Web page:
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Supreme Court Determines Arranger Liability and Apportionment

May 8, 2009

Authors: Joseph P. Williams

On May 4, 2009, the Supreme Court addressed two important issues arising under the Comprehensive Environmental Response, Compensation and Liability Act (CERCLA). First, the Court’s decision in Burlington Northern & Santa Fe Railway Co. v. United States, No. 07- 1601, limited the scope of arranger liability under CERCLA. Second, the court employed a simple mathematical formula for apportioning liability and avoiding joint and several liability for an indivisible, single harm.

The case arose from a typical CERCLA fact pattern. In the early 1990s, after the owner of a contaminated site became insolvent, the United States Environmental Protection Agency (EPA) and the California Department of Toxic Substances Control (DTSC) brought suit against two railroad companies and Shell Oil Company, seeking recovery of over $8 million in response costs that EPA and DTSC (the Governments) had incurred responding to contamination at a site in Arvin, California. The District Court found Shell liable as an arranger under 42 U.S.C. § 9607(a)(3), and the railroad companies liable as owners of a portion of the facility under 42 U.S.C. § 9607(a)(1)–(2). The District Court concluded that the single harm was divisible among the responsible parties, and therefore did not impose joint and several liability on the railroad companies and Shell. The court apportioned the railroads’ liability based on three factors: the portion of the total site owned by the railroads, the duration of the railroads’ ownership interest compared to the length of the entire business operation, and the number of chemicals found on the railroads’ portion of the site compared to the total number of chemicals requiring remediation at the site. The court also apportioned Shell’s liability based on estimates of Shell’s chemical spills.

During the 1960s and 1970s, Shell shipped the pesticide D-D, a hazardous substance, to the site as a virgin material, intended for further redistribution. Originally, Shell shipped D-D in 55-gallon drums, however beginning in the mid-1960’s, Shell began shipping D-D in bulk. Shell, aware that these bulk shipments commonly resulted in spills and leaks during the transfer, provided its distributors with safety manuals, instituted a discount program for facilities with safety improvements, required inspection by a qualified engineer and required distributors to certify compliance with applicable laws and regulations. Despite these controls, the site continued to be contaminated with delivery spills and equipment failures. Even though Shell never planned for the actual disposal of D-D, the District Court and the Court of Appeals both held that Shell was liable as an arranger under a “broader” category of arranger liability because Shell knew that disposal of hazardous waste was a foreseeable byproduct of the transaction. The Ninth Circuit concluded that an entity could arrange for disposal even if it did not intend to dispose a hazardous substance.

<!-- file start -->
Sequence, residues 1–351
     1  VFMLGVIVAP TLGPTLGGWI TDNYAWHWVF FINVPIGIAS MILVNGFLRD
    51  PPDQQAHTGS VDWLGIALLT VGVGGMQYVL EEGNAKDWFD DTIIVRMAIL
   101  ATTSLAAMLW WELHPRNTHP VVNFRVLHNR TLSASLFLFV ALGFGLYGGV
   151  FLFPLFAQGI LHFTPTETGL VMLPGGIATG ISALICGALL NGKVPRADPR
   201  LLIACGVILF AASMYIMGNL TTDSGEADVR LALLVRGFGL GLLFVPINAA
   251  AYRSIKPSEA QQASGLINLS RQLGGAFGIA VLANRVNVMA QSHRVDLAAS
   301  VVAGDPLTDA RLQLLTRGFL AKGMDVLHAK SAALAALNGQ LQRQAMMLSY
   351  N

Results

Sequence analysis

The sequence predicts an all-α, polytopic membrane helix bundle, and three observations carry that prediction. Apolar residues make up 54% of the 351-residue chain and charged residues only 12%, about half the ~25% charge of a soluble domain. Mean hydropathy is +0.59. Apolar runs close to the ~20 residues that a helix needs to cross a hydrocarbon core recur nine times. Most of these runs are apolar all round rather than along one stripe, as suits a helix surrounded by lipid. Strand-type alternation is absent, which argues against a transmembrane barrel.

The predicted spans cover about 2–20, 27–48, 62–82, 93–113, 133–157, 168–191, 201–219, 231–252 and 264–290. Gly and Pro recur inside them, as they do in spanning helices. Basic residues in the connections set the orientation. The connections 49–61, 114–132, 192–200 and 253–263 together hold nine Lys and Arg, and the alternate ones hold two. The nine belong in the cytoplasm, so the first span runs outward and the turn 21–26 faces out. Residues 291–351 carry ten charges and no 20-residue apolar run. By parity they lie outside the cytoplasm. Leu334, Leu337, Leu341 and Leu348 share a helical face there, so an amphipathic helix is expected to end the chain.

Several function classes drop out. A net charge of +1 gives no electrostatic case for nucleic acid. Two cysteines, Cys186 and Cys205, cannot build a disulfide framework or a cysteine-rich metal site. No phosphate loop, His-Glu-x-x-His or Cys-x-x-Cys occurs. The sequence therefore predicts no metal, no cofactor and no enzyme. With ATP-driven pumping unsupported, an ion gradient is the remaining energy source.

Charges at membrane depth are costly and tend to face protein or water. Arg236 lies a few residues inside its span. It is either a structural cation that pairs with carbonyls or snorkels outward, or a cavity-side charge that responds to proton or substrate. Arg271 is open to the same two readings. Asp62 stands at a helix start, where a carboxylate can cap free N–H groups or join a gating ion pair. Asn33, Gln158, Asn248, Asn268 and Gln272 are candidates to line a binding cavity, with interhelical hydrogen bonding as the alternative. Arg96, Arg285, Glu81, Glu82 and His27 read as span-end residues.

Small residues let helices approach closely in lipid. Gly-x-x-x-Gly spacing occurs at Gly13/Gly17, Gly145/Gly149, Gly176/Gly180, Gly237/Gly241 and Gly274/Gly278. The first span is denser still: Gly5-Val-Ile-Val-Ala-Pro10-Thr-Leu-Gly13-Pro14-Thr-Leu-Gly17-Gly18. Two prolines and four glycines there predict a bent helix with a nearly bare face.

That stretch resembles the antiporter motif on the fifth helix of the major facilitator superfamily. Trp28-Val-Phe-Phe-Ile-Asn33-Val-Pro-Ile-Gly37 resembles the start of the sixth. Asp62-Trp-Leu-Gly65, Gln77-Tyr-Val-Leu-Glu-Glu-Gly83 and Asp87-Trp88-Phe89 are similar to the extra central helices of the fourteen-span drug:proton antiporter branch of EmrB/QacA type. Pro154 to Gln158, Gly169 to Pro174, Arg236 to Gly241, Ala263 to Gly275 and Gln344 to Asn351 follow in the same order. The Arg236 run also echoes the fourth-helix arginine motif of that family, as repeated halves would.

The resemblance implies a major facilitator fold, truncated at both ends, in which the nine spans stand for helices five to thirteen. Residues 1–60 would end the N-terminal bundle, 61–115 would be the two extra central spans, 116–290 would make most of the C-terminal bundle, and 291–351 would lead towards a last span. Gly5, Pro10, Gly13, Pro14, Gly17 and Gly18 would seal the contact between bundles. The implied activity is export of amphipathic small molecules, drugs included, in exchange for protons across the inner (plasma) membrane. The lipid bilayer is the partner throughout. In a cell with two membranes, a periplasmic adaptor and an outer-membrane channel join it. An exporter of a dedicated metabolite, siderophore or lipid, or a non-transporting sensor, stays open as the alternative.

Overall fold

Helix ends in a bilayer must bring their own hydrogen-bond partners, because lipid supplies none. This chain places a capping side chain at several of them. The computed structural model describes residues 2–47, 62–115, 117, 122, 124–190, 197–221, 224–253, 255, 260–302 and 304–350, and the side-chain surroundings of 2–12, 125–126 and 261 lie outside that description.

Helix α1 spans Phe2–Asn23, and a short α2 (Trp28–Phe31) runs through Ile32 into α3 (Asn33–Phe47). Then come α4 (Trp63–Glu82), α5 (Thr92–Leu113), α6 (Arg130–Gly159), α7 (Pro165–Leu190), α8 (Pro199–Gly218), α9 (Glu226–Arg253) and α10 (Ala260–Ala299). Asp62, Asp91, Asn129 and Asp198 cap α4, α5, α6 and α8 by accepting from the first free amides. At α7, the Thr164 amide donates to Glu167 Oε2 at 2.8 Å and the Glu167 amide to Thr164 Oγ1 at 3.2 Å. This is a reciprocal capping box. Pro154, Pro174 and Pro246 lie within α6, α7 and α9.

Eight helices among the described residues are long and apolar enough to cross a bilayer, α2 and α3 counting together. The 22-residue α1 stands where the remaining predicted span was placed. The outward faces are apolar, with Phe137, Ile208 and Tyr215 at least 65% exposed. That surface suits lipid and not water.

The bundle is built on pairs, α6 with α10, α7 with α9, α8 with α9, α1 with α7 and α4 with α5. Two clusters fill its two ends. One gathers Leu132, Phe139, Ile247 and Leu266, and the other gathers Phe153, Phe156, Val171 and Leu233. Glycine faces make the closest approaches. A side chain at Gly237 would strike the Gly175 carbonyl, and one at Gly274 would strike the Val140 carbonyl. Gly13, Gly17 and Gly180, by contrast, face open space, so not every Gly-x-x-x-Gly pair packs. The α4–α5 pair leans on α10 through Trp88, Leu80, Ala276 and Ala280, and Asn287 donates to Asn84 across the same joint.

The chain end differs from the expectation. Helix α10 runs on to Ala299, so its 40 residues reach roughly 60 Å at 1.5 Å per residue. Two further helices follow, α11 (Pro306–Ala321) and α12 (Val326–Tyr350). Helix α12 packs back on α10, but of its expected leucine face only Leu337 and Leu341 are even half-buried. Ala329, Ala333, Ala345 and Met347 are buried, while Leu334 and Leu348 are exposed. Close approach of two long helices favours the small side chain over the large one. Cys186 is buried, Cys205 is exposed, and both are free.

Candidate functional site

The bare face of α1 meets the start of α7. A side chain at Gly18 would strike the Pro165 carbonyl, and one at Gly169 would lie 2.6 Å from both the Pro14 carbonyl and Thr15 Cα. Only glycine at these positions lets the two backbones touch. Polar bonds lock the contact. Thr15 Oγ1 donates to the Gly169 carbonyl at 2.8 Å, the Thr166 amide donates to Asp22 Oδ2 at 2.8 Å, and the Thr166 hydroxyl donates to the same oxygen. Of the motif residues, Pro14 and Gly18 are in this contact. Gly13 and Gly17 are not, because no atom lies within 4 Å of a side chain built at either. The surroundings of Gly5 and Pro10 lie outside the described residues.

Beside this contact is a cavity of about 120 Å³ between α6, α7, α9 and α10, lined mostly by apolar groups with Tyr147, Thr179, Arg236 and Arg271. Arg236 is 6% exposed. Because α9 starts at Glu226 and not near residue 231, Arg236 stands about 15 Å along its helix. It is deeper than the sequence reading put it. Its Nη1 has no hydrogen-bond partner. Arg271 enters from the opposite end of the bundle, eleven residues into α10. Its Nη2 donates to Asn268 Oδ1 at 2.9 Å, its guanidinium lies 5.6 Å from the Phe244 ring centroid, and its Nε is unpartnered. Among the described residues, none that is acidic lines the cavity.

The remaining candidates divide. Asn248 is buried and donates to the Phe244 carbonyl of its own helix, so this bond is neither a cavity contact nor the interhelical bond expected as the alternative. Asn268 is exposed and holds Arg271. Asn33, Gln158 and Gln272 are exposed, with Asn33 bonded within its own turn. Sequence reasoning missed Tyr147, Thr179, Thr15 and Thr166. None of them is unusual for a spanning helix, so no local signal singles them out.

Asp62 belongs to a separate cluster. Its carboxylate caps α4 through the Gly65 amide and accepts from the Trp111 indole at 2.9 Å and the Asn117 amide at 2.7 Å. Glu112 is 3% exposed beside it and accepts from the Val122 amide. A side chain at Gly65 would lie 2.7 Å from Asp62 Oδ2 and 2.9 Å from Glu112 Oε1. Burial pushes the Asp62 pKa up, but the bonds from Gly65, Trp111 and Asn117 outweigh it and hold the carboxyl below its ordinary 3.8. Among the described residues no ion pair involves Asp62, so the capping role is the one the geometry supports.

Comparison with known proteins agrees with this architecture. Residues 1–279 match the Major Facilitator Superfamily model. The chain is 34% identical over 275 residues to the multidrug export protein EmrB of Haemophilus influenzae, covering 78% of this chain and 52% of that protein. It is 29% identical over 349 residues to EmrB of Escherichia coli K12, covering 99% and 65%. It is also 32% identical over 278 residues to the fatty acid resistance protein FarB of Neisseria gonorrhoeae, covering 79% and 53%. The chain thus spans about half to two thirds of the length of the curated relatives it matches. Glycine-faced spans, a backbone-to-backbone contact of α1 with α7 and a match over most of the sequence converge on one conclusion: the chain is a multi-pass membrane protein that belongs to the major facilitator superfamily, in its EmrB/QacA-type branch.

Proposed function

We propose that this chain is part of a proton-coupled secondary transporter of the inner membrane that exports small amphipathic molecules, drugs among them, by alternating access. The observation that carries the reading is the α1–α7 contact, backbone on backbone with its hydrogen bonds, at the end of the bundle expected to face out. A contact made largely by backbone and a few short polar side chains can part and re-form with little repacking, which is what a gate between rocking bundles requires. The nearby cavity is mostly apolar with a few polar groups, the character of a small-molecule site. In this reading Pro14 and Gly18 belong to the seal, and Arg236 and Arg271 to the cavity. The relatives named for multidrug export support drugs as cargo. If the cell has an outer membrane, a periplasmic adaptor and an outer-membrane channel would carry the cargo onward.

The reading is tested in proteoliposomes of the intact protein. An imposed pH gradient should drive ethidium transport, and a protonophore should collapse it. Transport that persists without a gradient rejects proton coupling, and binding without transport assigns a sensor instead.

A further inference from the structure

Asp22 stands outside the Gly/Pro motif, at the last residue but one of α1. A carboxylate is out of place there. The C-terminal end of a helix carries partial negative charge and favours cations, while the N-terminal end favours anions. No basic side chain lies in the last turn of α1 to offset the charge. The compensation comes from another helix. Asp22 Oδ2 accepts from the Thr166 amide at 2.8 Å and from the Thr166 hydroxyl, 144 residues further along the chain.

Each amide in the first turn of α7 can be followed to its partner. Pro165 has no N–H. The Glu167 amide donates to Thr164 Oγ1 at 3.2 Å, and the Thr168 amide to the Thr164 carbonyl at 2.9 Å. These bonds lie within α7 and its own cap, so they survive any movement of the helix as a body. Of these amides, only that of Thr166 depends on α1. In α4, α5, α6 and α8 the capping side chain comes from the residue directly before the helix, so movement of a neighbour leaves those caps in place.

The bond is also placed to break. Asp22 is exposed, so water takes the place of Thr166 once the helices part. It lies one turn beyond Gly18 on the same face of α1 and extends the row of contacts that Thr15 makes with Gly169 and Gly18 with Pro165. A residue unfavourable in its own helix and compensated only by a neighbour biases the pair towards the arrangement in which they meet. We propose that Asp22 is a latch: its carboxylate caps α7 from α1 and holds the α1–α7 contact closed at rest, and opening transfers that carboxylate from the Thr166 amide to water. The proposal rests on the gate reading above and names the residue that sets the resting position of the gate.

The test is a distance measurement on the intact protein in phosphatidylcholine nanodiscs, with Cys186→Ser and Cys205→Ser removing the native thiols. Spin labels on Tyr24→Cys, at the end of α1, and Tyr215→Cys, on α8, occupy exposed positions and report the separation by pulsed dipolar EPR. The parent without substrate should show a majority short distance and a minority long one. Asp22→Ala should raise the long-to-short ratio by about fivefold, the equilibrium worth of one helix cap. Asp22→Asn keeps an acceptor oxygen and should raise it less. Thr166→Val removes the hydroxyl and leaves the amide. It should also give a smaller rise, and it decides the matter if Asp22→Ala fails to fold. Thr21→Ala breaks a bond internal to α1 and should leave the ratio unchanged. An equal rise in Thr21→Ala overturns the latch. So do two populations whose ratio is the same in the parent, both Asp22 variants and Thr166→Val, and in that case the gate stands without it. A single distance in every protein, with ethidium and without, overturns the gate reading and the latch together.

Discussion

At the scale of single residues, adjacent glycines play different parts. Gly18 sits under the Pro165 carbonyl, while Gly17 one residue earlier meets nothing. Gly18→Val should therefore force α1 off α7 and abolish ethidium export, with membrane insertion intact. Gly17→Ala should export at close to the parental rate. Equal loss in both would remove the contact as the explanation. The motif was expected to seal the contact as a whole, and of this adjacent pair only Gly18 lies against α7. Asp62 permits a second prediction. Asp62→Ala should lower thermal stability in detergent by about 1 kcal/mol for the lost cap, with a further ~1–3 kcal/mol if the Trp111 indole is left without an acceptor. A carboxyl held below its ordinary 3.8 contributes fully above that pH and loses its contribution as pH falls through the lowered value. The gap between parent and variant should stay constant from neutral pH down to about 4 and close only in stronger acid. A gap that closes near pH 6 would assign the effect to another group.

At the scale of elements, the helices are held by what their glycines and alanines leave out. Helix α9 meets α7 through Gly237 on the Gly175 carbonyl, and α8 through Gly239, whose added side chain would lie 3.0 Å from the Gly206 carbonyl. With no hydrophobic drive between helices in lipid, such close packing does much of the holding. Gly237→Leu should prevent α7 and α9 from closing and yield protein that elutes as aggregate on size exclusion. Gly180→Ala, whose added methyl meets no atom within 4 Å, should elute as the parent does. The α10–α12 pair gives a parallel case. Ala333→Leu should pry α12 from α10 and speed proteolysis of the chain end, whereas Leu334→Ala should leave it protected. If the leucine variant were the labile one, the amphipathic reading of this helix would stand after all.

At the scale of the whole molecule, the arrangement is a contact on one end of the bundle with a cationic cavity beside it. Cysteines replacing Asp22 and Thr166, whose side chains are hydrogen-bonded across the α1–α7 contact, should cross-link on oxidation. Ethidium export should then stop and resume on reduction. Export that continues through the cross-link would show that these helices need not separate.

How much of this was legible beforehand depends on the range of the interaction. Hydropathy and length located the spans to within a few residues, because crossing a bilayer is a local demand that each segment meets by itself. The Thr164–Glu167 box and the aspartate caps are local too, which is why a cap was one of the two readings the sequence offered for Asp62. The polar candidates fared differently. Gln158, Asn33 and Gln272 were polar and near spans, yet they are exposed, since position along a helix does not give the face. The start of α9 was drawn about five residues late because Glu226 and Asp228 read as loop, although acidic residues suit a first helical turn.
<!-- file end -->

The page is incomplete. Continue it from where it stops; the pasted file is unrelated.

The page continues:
Noting that arranger liability requires a fact-intensive inquiry, Justice Stevens, writing for the Court, applied the plain meaning of the word “arrange” to evaluate whether Shell was liable as an arranger. The Court found that the word “arrange” implies action directed to a specific purpose, and noted that the actor’s state of mind plays an indispensible role in making a determination of arranger liability. Thus, even though Shell’s efforts to reduce accidental spills “were less than wholly successful,” Shell was not liable as an arranger because Shell did not enter into the transaction with the intention that at least a portion of the product be disposed during the transfer. The lesson learned from this decision is that state of mind now plays an important role in determining arranger liability.

The Supreme Court also reviewed the District Court’s decision to apportion liability among the railroads, which ultimately left the Governments responsible for the orphan shares amounting to 91% of the remediation costs. The railroads owned a 0.9-acre parcel adjacent to the main 3.8-acre site, and the owner expanded its operations and began leasing this parcel in 1975. Both the Governments and the railroads argued against apportionment, leaving the District Court to independently apportion liability. Using simple math based on the size of the parcels, the length of operations and the number of chemicals, the District Court calculated the railroads’ proportionate share as 6% of the total remediation cost, and increased that percentage by 50% to account for “calculation errors.” The Supreme Court upheld this calculation, noting that divisibility may be established by volumetric, chronological, and geographic considerations. Justice Ginsburg, writing in dissent, noted that the Court’s independent calculation “deprived the government of a fair opportunity to respond to the Court’s theories of apportionment.” The same holds true for the railroads. Potentially responsible parties must recognize that they need to present evidence on apportionment, even if they argue against any finding of liability.

Questions or Assistance?
If you have questions or need assistance with any of these issues, please contact Joseph P. Williams at (860) 251-5127 in our Environment, Energy and Land Use Practice Group.

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